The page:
Nonprofit vs. Tax Exempt | They’re the same thing, right? Or are they different? Hmm…
Often times the terms “nonprofit” and “tax exempt” are used interchangeably in conversation. While tax exempt status is conferred and determined by the IRS.
Many organizations are both nonprofit and tax exempt, there is an important distinction between the two. For example, nonprofit status is designated by the state while
Here’s a more detailed explanation on nonprofits and tax exempt organizations:
What is required for an organization to be considered a nonprofit?
According to the IRS, nonprofit status is a state law concept; meaning that an organization must apply for and receive nonprofit recognition from the state in which it does business.
Once an organization has become a nonprofit it receives benefits, determined by its state, which includes exemption from property taxes, state and local income taxes, franchise taxes, and sales taxes for that state specifically.
Misconception of Nonprofit Organizations
One of the main misconceptions of nonprofit organizations is that these groups are NOT allowed to make any profits throughout their calendar year. In all actuality, nonprofits usually have to turn a regular profit in order to function and operate effectively. Things such as facility upkeep and equipment purchases or repairs, require additional funds that go far beyond their annual expenses.
As a nonprofit organization, these groups are allowed to receive funds, but any surplus of profit cannot be distributed to an organization’s members, employees, officers, or shareholders, and must be used within the organization to further the mission and goals of the nonprofit.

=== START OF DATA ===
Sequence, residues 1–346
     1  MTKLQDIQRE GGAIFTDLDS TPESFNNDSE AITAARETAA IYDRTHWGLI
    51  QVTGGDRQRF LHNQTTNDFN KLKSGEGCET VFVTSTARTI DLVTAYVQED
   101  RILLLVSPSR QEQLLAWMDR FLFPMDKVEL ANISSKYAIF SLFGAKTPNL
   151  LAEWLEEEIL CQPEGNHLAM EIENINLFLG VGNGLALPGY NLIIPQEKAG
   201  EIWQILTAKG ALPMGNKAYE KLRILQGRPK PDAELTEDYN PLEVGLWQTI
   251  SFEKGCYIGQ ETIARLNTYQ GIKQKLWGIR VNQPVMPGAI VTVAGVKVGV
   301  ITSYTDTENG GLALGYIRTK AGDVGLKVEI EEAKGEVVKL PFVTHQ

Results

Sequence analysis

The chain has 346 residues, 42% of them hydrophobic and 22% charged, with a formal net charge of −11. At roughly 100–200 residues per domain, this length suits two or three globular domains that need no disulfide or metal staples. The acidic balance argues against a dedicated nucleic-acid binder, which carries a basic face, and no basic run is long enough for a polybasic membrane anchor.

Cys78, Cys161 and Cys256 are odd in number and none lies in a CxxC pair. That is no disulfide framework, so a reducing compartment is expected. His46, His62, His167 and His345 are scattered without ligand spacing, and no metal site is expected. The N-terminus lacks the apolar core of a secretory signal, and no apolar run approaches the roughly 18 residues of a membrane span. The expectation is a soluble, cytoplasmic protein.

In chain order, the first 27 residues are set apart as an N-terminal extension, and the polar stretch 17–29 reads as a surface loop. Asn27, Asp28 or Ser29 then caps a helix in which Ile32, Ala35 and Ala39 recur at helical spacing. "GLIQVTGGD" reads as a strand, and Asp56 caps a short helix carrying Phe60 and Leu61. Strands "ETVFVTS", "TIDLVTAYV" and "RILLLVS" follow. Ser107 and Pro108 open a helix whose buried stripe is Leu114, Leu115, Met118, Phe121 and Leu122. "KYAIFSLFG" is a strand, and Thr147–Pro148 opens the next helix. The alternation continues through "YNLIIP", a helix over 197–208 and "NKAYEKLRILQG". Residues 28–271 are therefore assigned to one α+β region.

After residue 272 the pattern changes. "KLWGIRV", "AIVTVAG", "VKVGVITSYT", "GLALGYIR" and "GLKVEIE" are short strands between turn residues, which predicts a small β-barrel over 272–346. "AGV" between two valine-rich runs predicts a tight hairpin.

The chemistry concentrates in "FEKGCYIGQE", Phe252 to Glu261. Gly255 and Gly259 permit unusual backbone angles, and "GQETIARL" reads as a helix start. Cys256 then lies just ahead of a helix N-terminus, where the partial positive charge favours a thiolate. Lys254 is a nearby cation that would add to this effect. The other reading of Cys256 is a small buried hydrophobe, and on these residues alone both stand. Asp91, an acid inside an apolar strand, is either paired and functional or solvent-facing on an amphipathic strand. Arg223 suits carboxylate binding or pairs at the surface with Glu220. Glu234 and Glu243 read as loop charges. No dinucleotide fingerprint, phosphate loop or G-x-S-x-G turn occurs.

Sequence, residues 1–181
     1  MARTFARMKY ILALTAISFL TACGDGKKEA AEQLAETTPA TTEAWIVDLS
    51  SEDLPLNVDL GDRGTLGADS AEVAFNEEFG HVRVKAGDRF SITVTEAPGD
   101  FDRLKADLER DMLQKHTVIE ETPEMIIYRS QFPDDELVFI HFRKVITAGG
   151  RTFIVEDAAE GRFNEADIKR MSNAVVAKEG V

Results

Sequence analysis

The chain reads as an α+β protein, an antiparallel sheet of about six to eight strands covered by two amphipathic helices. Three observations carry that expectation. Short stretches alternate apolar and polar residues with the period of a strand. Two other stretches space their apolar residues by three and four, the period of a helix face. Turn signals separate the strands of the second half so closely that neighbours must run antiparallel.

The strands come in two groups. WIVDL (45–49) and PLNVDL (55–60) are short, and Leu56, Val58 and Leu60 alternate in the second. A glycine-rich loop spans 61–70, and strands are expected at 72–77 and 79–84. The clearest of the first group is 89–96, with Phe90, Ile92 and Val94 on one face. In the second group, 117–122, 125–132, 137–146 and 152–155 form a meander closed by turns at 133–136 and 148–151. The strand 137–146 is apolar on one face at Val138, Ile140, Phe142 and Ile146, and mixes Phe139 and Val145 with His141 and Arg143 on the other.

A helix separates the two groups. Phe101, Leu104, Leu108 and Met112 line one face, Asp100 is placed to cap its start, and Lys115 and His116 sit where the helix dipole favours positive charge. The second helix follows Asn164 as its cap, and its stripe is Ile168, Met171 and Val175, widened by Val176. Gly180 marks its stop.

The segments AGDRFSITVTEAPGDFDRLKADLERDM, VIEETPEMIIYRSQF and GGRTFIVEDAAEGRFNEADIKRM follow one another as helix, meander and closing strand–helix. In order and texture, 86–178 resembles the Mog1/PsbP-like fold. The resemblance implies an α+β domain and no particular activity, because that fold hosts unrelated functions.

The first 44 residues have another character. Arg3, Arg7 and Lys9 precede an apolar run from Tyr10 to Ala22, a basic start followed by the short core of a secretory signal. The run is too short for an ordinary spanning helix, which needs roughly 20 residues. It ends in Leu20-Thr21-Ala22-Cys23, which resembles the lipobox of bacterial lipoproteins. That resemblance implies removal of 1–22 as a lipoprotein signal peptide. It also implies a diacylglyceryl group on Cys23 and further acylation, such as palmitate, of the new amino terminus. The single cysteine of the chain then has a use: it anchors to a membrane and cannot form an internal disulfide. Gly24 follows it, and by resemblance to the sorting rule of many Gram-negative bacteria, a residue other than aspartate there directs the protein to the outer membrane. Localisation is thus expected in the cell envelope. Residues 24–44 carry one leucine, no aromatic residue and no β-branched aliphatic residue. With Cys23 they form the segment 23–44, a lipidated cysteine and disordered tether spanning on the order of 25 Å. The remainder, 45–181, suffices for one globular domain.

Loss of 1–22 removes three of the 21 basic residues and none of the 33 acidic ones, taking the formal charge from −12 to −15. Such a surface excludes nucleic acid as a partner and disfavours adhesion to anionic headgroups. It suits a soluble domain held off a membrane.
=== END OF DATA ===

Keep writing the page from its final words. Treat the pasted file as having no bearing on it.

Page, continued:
How does an organization receive Tax Exempt Status?
An organization who has been granted tax exempt status must have received this recognition from the federal government. Being tax exempt essentially boils down to these two things:
1) The organization does NOT have to pay corporate income taxes on any money generated from the organization
2) Those who donate money to the [tax exempt] organization can use a tax deduction for their donations when filing their taxes.
Although most believe that many nonprofits automatically have a tax exempt status, they must apply for tax exempt status separately. The requirements for acquiring tax exempt status can be found in Section 501(c)(3) of the Internal Revenue Code. Generally, the main requirement to have tax exempt status is that the organization must be organized and operated specifically for charitable, religious, educational, cultural, scientific or humanitarian purposes.
What does it mean to be tax exempt?
Sounds like a self-explanatory question right? Unfortunately, most misconceive the tax exempt reality. Organizations that are tax exempt technically aren’t completely exempt from tax.
Although exempt organizations are not required to pay federal income tax, they are still subject to state and local taxes unless there’s a nonprofit designation which exempts them from those payments.
Additionally, most exempt groups have to pay the employer’s share of their workers’ Medicare & Social Security taxes along with federal unemployment taxes.
Maintaining Your Tax Exempt Status
As a nonprofit organization, it is crucial that you maintain your tax-exempt status with the IRS. ExpressTaxExempt, the #1 IRS-authorized tax e-filing solution for tax-exempt organizations, allows you to do just that. Providing security, ease, and peace of mind to organizations and its leaders, we respect the services that nonprofit organizations give to communities and are motivated to help with e-filing so you can get back to proudly making a difference in your community. With newly reduced rates, organizations can now save funds annually when e-filing Form 990 Series (Form 990
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